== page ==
Helga had not been having much luck with her bike (called Paul – see earlier) on this trip and her luck was not improving. The bike had arrived in Dar es Salaam, where she joined the trip having made her own way into Tanzania from Germany, with a leaky shaft drive. We had patched that up and changed the tyres there, but the leak had got worse to the point the bike had to go in the van before Lusaka. We then arranged for her to travel in the van to Etosha, so that she could then drive the hire car I would be driving up from Windhoek having collected George and Tracy who were joining the trip at that point. We arranged for her bike to be collected en-route to Etosha and trucked down to the BMW dealer in Windhoek who had arranged for spares to be available. She would then ride from Windhoek and re-join the group at Swakopmund. Whilst in Windhoek, the dealer would also replace the front tyre, which had a split and had been fitted with a tube, as we didn't have a spare of the correct size. Which all went according to plan. Now, examining her bike in the petrol station in Maltahohe, I saw the front tyre had split again, and the tube was protruding (which was unusual, as a new tyre would have been tubeless and so shouldn't have needed a tube). Clearly the tube had punctured, so I set about removing the wheel, taking off the tyre, removing the tube, cleaning it all up, fitting a new tube, replacing the tyre, re-inflating it and checking for leaks. When I was satisfied all was well, I re-fitted the wheel, made some final checks and then she was off, following the same route as Fred and Judy but some way behind. I packed away all the tools, washed my hands and set off again, following the dirt-road route the bulk of the group had taken.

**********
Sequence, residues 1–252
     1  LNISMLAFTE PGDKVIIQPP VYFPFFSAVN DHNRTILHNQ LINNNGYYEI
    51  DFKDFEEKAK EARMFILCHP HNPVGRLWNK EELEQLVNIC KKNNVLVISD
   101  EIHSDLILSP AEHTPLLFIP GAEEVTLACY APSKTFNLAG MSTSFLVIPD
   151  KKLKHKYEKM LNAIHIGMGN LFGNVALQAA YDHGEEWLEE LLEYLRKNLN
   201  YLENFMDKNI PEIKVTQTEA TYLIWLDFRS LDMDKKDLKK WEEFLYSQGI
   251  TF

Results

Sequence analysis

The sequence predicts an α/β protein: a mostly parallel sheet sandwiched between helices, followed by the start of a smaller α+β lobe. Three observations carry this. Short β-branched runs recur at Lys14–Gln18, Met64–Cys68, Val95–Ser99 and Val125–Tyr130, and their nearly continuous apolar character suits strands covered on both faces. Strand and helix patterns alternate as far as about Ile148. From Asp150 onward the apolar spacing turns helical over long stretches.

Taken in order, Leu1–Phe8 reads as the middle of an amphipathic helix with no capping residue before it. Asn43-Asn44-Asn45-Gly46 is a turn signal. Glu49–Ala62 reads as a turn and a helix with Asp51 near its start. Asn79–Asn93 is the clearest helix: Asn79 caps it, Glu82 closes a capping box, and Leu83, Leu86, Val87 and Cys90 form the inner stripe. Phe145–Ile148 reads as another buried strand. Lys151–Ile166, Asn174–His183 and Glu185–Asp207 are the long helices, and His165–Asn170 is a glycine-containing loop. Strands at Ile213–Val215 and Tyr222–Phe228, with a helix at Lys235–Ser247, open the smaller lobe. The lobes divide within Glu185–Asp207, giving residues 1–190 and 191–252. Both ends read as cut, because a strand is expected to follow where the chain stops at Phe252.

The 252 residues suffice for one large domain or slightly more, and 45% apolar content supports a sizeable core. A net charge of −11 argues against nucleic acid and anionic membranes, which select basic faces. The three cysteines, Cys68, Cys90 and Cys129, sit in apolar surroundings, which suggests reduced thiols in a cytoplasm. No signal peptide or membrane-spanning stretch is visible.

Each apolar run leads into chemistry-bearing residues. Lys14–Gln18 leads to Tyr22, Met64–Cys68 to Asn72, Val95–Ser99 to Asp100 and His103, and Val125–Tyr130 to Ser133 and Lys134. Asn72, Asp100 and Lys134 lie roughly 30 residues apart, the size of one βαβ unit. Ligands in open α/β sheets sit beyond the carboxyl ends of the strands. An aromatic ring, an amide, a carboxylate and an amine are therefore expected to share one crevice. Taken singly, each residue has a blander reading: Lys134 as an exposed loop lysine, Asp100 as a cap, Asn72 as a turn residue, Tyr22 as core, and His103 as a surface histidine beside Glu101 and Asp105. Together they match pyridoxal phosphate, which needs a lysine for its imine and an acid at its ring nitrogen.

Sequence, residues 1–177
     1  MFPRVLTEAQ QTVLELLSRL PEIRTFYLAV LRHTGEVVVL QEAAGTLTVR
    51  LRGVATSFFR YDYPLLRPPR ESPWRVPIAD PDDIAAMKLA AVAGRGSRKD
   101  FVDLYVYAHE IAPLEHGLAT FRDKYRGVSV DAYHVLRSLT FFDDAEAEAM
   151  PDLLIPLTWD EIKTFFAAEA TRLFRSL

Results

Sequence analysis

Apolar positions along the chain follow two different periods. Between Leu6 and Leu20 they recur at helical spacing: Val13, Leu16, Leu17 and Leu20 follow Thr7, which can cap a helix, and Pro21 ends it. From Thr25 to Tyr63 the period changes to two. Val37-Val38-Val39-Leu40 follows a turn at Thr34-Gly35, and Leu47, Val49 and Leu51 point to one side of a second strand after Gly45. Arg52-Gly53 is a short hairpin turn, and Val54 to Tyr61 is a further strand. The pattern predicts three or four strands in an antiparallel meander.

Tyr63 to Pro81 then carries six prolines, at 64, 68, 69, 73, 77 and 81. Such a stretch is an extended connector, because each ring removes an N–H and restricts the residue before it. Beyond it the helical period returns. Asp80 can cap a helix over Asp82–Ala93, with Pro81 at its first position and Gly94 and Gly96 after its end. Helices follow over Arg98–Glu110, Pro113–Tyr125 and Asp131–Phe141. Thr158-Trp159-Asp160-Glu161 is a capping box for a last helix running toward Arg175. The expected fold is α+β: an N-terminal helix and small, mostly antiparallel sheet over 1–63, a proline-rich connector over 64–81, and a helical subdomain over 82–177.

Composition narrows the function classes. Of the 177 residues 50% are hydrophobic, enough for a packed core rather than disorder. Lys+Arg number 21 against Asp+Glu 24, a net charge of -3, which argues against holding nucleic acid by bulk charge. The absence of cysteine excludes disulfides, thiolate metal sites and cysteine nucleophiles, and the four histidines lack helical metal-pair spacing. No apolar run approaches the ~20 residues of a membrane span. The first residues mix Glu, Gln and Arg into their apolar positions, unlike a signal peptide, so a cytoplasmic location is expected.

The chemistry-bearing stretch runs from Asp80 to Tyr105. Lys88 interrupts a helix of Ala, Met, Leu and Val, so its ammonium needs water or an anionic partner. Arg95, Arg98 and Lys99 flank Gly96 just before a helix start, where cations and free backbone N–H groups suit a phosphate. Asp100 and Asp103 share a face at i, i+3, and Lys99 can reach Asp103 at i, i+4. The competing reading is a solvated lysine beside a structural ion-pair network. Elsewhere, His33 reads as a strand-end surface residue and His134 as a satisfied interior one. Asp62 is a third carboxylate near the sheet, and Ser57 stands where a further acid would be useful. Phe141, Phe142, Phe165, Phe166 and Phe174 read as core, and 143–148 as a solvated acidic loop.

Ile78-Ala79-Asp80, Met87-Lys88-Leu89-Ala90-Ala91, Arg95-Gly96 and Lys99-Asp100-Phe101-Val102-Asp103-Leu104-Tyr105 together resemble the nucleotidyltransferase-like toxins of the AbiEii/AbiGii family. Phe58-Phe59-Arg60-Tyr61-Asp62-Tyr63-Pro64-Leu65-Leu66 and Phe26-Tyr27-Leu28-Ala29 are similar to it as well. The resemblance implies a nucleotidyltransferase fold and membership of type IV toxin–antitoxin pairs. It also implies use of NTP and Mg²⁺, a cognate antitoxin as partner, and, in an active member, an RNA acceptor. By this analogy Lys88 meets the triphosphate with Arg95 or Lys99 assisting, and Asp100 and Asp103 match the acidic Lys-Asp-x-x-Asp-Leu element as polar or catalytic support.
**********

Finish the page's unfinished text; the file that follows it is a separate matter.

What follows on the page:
I set off at a pace, as now I was some time behind the group. The road to Helmeringhausen was in very good condition, clearly having been recently graded. In town I met Kevin and Julia and a number of the group, and we had a discussion about an alternative route, which 4 of them (including Kevin and Julia) decided to investigate, leaving me with just 2 others, Bob and Angus. Angus's bike had a puncture which Bob had fixed but which had taken a number of plugs to seal, so we checked that it was still holding air before setting off. I gave them a 10-minute head start but the road was good and they were making good progress. About 40 miles from the end of the road conditions deteriorated – something we had warned the group about the previous evening – and one of them had a little tumble on the deep sand, escaping unhurt but with a few extra scratches on the rental bike. The last 20 miles or so were slow going for those on bikes but everyone was going well. About 6 miles from the end I caught up with Arthur, who had opted for the dirt road option despite his obvious lack of comfort on the dirt, and followed him to the end and onto the tarmac into Ais. At the hotel there was an issue with room lists (as there nearly always is, despite us sending them on in advance) which I quickly resolved before turning my attention to changing Angus's rear tyre. I then set about re-inflating tyres on all the bikes, only to have the compressor overheat and cut out. When it wouldn't restart I thought I was going to have a problem, but hoped it would be OK if left to cool down. It was a huge relief when it started working again after half an hour.